"Qualitative definitive tests should be used when possible over immunoassays for monitoring use (compliance) to relevant over-the-counter medications, prescribed and non-prescribed drugs, and illicit substances in pain management patients due to their superior sensitivity and specificity," the guidelines state.

While many labs have begun to move to this "targeted screening" approach, Langman and Jannetto said, they acknowledged that many hospitals and clinics currently screen for drugs initially with immunoassays because of the quick turnaround, lower cost, and wide availability of immunoassay urine drug testing.

"If you go to the average hospital or pain clinic, you are likely going to start off with immunoassays first. Why? Because they are available; they are FDA-approved assays; they are on automated chemistry analyzers. Yoou have the first screen, and if they can't do the definitive or confirmatory mass spectrometry test in house, they will send that piece out," Jannetto said. "The guidelines are now saying there are so many limitations with those immunoassays, and unless a physician or laboratory fully understands that, it could lead to inappropriate or incorrect interpretations and additional questions."

Some of the areas addressed by the guidelines include specimen validity testing and genetic testing. Specimen validity testing, or testing urine samples to ensure that they haven't been substituted or adulterated or diluted, is significant, because the Centers for Medicare & Medicaid Services stopped reimbursing for specimen validity testing, deeming it a laboratory quality control process rather than a clinical test, according to Langman.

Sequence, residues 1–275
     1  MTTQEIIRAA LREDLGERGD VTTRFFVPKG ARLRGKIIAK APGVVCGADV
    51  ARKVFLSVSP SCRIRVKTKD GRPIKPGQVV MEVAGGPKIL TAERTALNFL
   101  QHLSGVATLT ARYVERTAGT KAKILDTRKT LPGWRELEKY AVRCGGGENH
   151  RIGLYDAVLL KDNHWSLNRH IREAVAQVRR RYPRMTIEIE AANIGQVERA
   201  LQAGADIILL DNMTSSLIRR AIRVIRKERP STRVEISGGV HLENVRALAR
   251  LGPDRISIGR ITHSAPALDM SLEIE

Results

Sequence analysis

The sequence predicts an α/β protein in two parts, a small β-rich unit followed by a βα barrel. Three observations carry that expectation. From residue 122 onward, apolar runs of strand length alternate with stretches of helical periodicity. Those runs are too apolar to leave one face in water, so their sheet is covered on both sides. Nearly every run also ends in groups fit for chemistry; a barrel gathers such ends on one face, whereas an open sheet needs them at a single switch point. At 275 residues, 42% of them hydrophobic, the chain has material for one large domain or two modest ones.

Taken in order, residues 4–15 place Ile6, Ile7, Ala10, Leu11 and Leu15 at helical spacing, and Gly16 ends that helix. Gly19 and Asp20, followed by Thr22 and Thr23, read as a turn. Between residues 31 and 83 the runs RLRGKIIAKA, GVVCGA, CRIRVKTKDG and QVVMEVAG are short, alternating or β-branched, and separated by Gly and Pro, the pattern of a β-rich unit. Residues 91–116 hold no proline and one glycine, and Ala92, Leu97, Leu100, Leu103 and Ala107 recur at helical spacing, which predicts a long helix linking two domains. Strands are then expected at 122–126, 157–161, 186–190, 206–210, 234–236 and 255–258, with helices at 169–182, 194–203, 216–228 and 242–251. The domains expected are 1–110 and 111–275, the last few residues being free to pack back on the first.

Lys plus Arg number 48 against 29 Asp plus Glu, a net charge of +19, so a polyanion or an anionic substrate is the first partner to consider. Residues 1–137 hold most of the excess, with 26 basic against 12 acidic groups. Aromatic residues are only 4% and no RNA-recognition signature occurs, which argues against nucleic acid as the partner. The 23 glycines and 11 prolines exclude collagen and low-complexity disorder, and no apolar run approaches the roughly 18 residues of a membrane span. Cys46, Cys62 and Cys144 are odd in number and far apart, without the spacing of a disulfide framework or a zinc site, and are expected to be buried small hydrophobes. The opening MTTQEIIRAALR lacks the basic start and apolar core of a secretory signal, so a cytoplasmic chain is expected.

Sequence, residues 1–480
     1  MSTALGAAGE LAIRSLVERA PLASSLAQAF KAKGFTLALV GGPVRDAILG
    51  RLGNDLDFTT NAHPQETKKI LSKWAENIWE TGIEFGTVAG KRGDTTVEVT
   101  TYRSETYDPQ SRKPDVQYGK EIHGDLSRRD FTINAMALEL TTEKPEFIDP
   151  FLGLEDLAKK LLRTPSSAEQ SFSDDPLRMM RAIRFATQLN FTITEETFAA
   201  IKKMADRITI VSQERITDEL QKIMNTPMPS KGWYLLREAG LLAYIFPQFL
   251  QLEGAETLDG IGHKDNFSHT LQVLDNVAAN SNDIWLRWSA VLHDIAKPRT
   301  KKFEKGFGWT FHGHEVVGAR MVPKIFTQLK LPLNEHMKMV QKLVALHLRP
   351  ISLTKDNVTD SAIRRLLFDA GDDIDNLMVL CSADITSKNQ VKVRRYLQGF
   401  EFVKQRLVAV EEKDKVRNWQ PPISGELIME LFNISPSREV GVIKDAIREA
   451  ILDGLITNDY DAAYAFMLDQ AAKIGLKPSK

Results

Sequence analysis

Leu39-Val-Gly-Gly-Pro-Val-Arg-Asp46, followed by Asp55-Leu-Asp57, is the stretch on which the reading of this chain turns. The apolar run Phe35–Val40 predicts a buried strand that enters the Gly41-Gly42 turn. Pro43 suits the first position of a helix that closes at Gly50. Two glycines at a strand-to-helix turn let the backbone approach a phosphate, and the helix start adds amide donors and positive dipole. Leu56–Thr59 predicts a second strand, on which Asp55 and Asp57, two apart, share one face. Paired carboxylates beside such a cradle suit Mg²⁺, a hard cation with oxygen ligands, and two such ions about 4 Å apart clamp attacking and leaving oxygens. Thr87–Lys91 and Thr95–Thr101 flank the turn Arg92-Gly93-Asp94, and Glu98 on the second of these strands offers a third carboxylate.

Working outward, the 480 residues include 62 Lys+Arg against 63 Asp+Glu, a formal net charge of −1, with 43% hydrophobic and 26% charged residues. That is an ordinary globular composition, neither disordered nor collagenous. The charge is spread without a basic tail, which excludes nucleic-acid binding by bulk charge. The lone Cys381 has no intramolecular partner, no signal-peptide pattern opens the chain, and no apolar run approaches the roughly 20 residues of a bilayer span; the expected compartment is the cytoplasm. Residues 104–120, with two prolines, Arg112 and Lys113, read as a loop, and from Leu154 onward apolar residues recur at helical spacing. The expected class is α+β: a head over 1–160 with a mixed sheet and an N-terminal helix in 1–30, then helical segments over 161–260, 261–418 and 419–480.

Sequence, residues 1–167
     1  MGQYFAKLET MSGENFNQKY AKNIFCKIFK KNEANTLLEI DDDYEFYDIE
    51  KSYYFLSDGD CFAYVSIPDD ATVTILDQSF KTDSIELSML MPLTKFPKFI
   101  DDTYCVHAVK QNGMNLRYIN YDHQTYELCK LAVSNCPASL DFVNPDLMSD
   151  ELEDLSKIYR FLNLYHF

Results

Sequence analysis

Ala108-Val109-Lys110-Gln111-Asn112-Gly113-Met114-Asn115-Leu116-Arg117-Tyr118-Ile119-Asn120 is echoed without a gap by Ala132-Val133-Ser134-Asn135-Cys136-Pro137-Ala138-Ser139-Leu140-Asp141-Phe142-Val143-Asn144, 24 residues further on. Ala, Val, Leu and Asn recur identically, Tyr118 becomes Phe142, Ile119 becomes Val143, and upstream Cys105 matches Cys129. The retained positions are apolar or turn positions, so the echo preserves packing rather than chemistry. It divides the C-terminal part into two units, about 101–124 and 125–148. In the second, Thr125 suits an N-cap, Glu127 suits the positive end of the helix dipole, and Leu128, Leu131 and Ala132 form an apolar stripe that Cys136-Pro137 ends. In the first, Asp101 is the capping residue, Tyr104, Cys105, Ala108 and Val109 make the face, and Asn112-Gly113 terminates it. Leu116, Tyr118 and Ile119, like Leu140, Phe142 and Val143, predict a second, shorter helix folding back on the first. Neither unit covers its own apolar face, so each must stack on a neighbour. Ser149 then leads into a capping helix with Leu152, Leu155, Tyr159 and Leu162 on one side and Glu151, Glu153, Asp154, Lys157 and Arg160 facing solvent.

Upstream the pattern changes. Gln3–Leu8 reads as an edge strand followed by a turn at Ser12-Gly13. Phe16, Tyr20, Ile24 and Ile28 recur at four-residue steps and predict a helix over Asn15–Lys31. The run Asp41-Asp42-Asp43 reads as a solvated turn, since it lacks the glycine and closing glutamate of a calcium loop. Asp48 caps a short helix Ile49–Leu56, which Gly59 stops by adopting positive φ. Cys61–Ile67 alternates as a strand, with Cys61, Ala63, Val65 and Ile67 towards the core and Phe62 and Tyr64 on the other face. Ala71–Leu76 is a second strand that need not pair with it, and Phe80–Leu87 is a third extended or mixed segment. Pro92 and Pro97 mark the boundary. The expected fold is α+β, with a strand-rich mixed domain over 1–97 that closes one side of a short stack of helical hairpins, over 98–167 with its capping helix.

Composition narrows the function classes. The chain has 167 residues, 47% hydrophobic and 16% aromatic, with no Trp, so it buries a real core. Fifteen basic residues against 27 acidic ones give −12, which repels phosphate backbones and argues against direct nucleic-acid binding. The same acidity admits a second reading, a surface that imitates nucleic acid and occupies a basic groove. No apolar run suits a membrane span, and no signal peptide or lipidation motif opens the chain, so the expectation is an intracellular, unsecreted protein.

"We are disagreeing with that. It is not a quality control process in the laboratory, it's actually clinically valid and clinically useful testing," she said.

The guidelines also offer recommendations related to genetic drug testing, which is costly, but can be useful in particular situations, Langman said.

"Genetic testing is very expensive, so doing routine genetic testing on everybody does not provide a lot of useful information. As the recommendation implies, it is useful in specific cases such as a treatment failure, adverse drug toxicity, or other unusual presentations," she said.

Pharmacogenetic testing, for example, can determine whether genetic factors may be the reason a drug does not have an effect on a specific patient.

The more than 100-page document includes 26 evidence-based recommendations and seven consensus-based expert opinions in cases where the evidence was limited. While AACC represents the laboratory community, Langman and Jannetto noted that the AACC guidelines were also officially endorsed by the American Academy of Pain Medicine, representing practitioners.

"This guideline was made for clinical laboratories, [and] practicing physicians, as well as policymakers on the insurance side and on the government side, to help provide guidance on what we should be doing in drug testing for appropriate use," Jannetto said.